“He hung a curveball to the kid, and the kid smoked it,” Johnson said. “That was really the turning point, as far as I’m concerned.”

LaRoche drilled a sacrifice fly to center, bringing up Desmond, who had already hit three home runs in the past week. Halladay fell behind, 2-0, and threw a curveball trying to get back into the count, like the one he threw Harper. Desmond hammered a line drive deep into the left field seats. The Nationals led, 4-1.

Ankiel added to Halladay’s torment. He walked to the plate to lead off the fourth six for his last 46 with 19 strikeouts. He unloaded on a first-pitch cutter, sending it over the center field fence. As if things could get worse for Halladay, the home plate umpire ejected catcher Carlos Ruiz as he argued a ball call for Danny Espinosa.

“I’ve seen him sharper,” Ankiel said. “But he’s still is who he is. It seems like in the past, consistently he’s been sharper. Tonight, he might have made more mistakes than normal. He’s human.”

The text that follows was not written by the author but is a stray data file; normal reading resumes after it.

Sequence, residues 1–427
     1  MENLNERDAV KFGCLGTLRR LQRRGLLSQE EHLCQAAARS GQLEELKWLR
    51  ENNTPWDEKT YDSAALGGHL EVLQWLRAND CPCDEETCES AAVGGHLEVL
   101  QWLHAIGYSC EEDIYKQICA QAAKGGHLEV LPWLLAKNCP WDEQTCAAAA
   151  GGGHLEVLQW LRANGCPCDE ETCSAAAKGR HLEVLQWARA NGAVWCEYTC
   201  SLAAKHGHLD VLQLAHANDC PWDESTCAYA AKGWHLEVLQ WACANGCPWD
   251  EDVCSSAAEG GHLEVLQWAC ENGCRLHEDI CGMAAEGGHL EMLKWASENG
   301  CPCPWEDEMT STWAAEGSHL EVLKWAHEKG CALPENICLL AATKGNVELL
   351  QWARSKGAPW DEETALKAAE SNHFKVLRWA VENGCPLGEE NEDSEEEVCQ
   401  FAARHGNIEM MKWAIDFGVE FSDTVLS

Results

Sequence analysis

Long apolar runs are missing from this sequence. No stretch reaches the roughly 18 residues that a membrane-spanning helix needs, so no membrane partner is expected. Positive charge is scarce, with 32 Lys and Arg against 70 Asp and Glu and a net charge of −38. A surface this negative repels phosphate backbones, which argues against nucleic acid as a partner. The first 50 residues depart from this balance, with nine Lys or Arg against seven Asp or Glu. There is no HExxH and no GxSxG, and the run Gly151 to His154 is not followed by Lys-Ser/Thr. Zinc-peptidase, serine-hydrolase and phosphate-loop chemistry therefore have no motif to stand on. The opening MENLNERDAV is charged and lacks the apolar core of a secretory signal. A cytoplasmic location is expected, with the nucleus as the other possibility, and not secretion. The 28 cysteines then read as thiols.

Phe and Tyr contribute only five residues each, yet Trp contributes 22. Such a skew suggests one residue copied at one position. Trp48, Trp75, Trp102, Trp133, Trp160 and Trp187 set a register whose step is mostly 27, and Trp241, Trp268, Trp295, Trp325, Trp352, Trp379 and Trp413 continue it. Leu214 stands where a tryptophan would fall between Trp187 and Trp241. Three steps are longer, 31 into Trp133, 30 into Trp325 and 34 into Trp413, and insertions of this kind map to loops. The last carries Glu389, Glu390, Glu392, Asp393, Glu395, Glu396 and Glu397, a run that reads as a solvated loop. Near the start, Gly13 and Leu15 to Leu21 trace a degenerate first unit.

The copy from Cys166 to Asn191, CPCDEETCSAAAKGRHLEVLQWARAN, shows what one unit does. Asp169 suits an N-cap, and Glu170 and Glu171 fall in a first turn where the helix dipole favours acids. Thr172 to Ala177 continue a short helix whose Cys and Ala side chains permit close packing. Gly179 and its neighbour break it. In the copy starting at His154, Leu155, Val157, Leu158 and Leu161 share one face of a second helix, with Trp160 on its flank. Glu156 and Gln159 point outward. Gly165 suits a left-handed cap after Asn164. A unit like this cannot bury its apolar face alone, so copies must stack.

The Nationals had given the habitually under-supported Zimmermann more than he needed. Zimmermann squirmed out of only one serious jam. In the third, right after the Nationals’ decisive onslaught, the Phillies put men on second and third with one out. Zimmermann struck out Hunter Pence and induced a lazy fly to center from backup catcher Brian Schneider to end the inning.

The only intrigue by the end of the night came when the bullpen gates opened in the ninth inning. Johnson gave the first post-Henry Rodriguez save opportunity to Tyler Clippard. He struck out Peter Orr and induced groundouts by Juan Pierre and Placido Polanco to earn his second career save.

“It feels good getting that final out and just hearing crickets out there,” Clippard said.

The crowd had actually thrown boos at the home team. Desmond would later provide a reality check. “It’s May, you know?” he said. “We’ll see what happens.” Still, the night felt different. As the teams retreated to their clubhouse and fans filtered out of the stadium, the public address speakers blared “Yesterday’s Gone.”